This is the first in a series of four posts about using library collections for the study of black history, literature and culture, in Britain and abroad. We would love to hear your comments and questions about the posts: please tweet us at (main library twitter), email us at firstname.lastname@example.org, or tell us your thoughts in the comments section at the end of the post.
James Douglass Bohee (1844-1897) and his brother George (1857-1930) were among the earliest black musicians to record their music. Even though these recordings are seemingly lost today, we can use the John Johnson Collection, a digitised archival collections to learn more about their performances and careers. Part 1 of this post explains what the John Johnson Collection is and part 2 explains how to use it. In part 3, I explore the evidence of the Bohee Brothers’ lives and careers found in the John Johnson Collection.
October is Black History Month! Our Students’ Union is running many wonderful events and the University Library will be celebrating with a number of events and activities throughout the month. Grains of Knowledge will be hosting a weekly series of posts about using the library to study Black history, culture, and literature. We hope that these will serve as a resource you will enjoy not just during October but throughout your studies and research with us.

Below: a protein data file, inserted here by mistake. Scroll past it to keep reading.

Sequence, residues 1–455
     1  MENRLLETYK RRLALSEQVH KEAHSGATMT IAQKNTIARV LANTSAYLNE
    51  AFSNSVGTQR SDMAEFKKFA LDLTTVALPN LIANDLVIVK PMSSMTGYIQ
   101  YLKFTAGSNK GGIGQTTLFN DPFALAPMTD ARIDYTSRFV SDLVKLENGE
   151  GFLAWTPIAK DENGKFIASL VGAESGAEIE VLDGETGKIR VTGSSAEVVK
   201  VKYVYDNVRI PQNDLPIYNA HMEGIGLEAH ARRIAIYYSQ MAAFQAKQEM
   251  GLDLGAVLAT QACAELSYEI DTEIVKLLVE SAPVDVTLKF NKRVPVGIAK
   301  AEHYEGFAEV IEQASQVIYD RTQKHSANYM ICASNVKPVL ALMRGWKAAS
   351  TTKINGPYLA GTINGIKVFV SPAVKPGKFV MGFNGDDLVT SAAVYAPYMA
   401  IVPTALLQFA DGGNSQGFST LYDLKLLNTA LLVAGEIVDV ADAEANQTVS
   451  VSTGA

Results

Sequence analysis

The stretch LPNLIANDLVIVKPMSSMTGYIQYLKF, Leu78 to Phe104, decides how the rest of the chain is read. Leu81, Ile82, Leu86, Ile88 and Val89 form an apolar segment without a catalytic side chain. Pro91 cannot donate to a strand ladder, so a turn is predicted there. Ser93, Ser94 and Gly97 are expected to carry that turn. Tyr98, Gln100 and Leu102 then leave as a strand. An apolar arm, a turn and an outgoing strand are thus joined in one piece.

The University has named the Schools of Health and Social Care and Psychology building after Sarah Swift, in recognition of her services to nursing. Sarah’s greatest achievements were in organising nursing services during the First World War and founding the Royal College of Nursing.
Subject Librarian, Daren Mansfield, chairs the Library Disability Group which was founded a year ago in June 2017. Meetings are held in the Library roughly every five weeks to discuss disability issues. The group currently consists of eleven members, which amounts to 16% of all Library staff. Daren feels that this shows that people are engaged and want to do everything they can to support students with disabilities.
Imagine being able to search through medieval manuscripts to select illustrations of monsters as part of your job. The Special Collections Librarian, Claire Arrand, was notified about the Monsters Conference to be held at Bishop Grosseteste University (BGU) in June and contacted by Renee Ward, a Senior Lecturer in Medieval Literature at the University of Lincoln, to contribute to Lincoln as Medieval Classroom week in March for our English and History students. This was a fantastic opportunity to showcase some of the monsters featured in Lincoln Cathedral Library.
The aim of the University Library blog is to connect the University of Lincoln community with information related to them locally within the institution and the Library, but also regionally and nationally. We would like to promote and communicate a variety of initiatives, resources, developments and interesting stories that are meaningful in both the local University and wider community.
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